A picture of the Moa river in Sierra Leone. Rivers in Sierra Leone are being put to good use to improve electricity supply in the country, which has been erratic at times. Joule Africa is developing the Bumbuna hydro initiative on the Seli River. Image credit: stock photo

Funding of USD6-million has been approved for the development of the 143MW Bumbuna Hydro II initiative in Sierra Leone. This is good news in a country where development of the energy sector is urgently needed.

InfraCo Africa, part of the Private Infrastructure Development Group (PIDG), has signed an agreement with renewable specialist Joule Africa to provide the funding, which forms part of a package involving the private sector and development finance institutions designed to ensure that Bumbuna Hydro II can reach construction and operation goals. Bumbuna Hydro II is expected to have a tremendously positive impact, powering sustainable economic development in Sierra Leone. There has been a number of positive developments in Sierra Leone, especially in the mining industry, but without a reliant and continuous supply of energy the country’s economy will not move forward.

The government recently agreed to a five-year contract with Turkish owned Karpowership, one of the world’s largest operators of floating power plants, to continue to provide electricity to Freetown. The company currently supplies about 80% of Sierra Leone’s electricity from two large ships anchored off the coast of Sierra Leone, in the Port of Freetown, under an expensive contract signed in 2018 with the government. The vessels use heavy fuel oil or liquefied natural gas (LNG). The new agreement will add 5MW to current production. Sierra Leone needs at least 500MW of electricity to meet only its non-industrial demand, and any new developments, especially in the hydro space should be lauded.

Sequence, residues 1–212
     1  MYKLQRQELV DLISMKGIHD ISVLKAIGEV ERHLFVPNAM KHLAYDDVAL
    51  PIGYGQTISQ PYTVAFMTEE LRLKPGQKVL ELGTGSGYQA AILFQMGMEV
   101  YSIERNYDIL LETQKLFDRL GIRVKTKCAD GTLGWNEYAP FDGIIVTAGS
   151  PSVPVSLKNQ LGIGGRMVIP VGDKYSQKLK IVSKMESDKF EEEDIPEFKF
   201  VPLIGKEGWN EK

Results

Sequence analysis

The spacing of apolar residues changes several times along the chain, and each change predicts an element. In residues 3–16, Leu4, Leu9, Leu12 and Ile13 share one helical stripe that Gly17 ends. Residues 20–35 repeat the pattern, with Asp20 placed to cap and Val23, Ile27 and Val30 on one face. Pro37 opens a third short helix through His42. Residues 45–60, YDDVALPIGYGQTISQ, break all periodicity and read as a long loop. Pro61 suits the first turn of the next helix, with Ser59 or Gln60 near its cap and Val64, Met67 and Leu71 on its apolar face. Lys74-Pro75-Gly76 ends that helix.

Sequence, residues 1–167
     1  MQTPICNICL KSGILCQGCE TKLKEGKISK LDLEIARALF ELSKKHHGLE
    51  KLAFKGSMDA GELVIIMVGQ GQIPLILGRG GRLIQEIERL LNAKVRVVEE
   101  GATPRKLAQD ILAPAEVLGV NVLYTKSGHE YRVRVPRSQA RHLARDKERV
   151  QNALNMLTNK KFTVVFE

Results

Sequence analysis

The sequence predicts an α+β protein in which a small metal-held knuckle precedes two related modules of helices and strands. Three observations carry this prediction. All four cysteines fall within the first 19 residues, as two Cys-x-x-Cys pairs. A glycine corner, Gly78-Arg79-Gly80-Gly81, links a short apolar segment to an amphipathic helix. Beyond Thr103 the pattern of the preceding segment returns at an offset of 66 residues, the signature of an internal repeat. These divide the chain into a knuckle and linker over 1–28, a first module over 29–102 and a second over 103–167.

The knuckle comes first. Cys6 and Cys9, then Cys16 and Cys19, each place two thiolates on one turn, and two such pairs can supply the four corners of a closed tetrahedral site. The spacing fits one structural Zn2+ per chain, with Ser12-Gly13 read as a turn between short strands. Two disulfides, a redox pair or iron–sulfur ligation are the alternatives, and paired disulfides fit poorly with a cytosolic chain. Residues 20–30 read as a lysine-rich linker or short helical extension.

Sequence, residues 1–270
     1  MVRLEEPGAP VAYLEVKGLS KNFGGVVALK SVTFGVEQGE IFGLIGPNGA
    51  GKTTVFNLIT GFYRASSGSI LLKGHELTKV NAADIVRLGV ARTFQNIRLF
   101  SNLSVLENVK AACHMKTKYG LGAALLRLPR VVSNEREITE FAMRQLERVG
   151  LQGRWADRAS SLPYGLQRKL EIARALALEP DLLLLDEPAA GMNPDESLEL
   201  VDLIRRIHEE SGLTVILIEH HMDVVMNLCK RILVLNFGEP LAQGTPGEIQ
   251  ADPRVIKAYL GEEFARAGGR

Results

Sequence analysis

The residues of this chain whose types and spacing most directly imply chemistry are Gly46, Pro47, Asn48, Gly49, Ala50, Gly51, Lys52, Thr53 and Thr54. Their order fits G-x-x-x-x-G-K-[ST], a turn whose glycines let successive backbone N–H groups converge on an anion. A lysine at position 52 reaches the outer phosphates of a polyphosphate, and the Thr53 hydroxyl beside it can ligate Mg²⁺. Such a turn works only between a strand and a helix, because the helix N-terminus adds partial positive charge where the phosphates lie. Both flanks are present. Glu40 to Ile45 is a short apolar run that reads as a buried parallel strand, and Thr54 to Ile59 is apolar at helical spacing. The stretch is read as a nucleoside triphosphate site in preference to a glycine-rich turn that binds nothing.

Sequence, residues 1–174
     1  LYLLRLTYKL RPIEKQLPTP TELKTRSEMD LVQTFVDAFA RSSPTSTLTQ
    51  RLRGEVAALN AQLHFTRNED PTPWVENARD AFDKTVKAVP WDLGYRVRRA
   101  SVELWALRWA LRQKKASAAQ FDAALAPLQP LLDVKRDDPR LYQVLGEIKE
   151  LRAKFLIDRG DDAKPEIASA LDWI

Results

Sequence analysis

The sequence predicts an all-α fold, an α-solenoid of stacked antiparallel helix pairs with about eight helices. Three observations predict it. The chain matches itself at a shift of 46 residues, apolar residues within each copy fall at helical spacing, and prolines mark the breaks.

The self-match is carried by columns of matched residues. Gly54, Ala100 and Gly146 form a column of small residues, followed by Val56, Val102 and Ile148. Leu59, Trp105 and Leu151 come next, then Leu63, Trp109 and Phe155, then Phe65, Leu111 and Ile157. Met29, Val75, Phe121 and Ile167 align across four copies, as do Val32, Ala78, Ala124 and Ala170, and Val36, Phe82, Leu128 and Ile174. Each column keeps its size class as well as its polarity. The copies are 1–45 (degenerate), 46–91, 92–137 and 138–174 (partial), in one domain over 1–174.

Bumbuna is being delivered by Joule Africa, through local project company, Seli Hydropower. Located on the Upper Seli River, 230km north east of Sierra Leone’s capital, Freetown, the Bumbuna Hydro II project will enable distribution of significant additional power to the national grid.

“InfraCo Africa’s commitment to Bumbuna Hydro II and Joule Africa comes at a crucial stage for us as we enter the last lap in the development of the project,” says Paul Kunert, CEO of Joule Africa. “With InfraCo Africa’s commitment and a respected equity partner shortly to come in, we now have the funding in place to reach financial close next year. We’ve been working with PIDG over a number of years and we are delighted to be able to expand that relationship with InfraCo Africa today.”

InfraCo Africa’s CEO, Gilles Vaes, says that the company is committed to support the government of Sierra Leone’s National Renewable Energy Action Plan. “This new investment into the country’s renewable energy sector complements InfraCo Africa’s work elsewhere in the country to develop the pioneering Sierra Leone mini-grid project. Delivered across 41 sites, Sierra Leone mini-grid will roll out off-grid solar technology at scale, delivering clean, first time power for remote homes and business,” says Vaes.

 

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